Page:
While waiting to board a recent flight to LA, I heard a man tell his companion that “ninety-eight percent of success is just showing up.”
Eighty percent, I thought. The quote is “eighty percent of success is just showing up.”
How did I know my fellow passenger had the math wrong? * Because Woody Allen’s quote about “just showing up” has been a lodestar for my writing practice.
Not that I adhere to advice from Mr. Allen generally, but this quote has proved true over and over in my writing life. I’ve learned that I don’t have to be the best writer or even the first person to tackle a subject, I just need to show up and things will likely work out.
This plays out from the moment I put words on a blank page. I may have only a vague idea for a newspaper column or a blog post. But if I show up to my desk and begin writing, I find my way to my meaning and eventually I know what I want to say.
If I hope to create a fictionalized world and populate it with characters, the same holds true. I show up with a bare outline of that world and stick figure characters to move around within its borders. By the time my writing session is done, that make-believe world has become more vibrant and the characters multi-dimensional. The work may not be 100% complete, but it’s well on its way.
I’ve found this also applies to pitching my work. If I attend a writing conference and sign up to meet with agents and editors, I invariably have greater success with requested pages than if I I’m just one of many strangers vying for their attention via email.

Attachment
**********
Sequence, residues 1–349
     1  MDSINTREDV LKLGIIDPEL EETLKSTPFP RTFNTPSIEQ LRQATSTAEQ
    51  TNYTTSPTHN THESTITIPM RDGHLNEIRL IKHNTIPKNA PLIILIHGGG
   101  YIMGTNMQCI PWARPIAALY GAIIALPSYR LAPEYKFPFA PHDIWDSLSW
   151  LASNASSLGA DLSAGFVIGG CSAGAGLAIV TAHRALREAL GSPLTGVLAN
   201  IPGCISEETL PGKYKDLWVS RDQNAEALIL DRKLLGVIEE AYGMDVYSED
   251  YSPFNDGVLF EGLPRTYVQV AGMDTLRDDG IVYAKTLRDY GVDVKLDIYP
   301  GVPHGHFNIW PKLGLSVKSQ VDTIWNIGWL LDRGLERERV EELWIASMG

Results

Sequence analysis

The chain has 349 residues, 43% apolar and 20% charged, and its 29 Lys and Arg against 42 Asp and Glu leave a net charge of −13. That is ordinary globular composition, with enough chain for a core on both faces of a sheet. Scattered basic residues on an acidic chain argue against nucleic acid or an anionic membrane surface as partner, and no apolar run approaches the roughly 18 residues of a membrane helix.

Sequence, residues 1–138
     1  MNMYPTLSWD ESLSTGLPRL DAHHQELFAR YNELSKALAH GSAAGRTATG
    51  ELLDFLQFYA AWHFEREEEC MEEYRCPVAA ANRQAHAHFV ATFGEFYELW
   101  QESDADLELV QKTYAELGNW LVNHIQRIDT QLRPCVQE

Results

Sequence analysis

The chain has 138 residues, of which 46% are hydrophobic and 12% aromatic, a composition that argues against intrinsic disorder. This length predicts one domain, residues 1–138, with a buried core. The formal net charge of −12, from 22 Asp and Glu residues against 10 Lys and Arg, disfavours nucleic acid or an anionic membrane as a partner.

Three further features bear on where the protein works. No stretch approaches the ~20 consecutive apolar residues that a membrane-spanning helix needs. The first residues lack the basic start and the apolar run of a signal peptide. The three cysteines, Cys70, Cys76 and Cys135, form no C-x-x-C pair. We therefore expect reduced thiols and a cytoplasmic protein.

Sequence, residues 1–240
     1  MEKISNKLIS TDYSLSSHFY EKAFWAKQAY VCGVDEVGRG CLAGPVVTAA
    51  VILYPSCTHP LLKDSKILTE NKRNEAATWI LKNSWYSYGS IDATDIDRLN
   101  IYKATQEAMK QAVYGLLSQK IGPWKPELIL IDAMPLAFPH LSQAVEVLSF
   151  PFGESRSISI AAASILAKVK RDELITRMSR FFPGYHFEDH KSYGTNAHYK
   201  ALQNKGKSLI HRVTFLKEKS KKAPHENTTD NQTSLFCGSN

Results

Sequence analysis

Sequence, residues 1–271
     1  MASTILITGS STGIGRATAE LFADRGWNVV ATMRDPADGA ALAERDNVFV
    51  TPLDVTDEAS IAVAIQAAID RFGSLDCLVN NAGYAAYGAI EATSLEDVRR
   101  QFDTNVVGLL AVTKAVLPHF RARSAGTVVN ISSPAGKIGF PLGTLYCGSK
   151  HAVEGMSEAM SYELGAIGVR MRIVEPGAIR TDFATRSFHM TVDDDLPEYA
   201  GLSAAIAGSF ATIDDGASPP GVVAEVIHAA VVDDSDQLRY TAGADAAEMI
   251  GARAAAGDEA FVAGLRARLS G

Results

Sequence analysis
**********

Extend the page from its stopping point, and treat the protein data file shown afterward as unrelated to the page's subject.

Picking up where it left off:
Knowing that I merely need to show up releases the pressure to show up for my writing life fully formed. I can just be me—a work-in-progress, ready to learn, keen to receive inspiration but not PERFECT. Which brings me to another favorite quote – “Don’t let the perfect be the enemy of the good.” This aphorism doesn’t have a direct attribution, but several other writers have expressed a similar sentiment. Voltaire said that “the best is the enemy of the good;” Shakespeare advised that “striving to better, oft we mar what’s well.”
Steve Jobs said as much when he insisted that “Real artists ship.” This means that you could tinker with something forever, but a real artist also finishes his or her work and gets it out into the world.
Now for a historical novelist, these three simple words could be seen as “fighting” words. After all, it can take years to research historical details, develop a compelling story and flesh out interesting characters. But it’s also a good kick in the pants to press through and share your work with the world.
That said, the poet Mary Oliver reassures writers that “Things take the time they take. Don’t worry.”
It’s a fine balance, this writing gig. To ship, one shouldn’t tinker forever. But to avoid the debilitating “voice of the oppressor,” as Anne Lamott refers to perfectionism, we must give ourselves the appropriate time and space to complete our work. How long will that be?
We’ll never find out unless we “show up” for our writing. I guess that stranger in the airport may have had the numbers right after all. Writing success is mostly—maybe even ninety-eight percent—about showing up.
*Perhaps the man in the airport was conflating a quote from Einstein who said that “Genius is 1% talent and 99% hard work.”
Kathryn Pritchett writes about strong women forged in the American West. To interact with her and the other Paper Lantern Writers, join us in our Facebook group SHINE, on Instagram, and Twitter.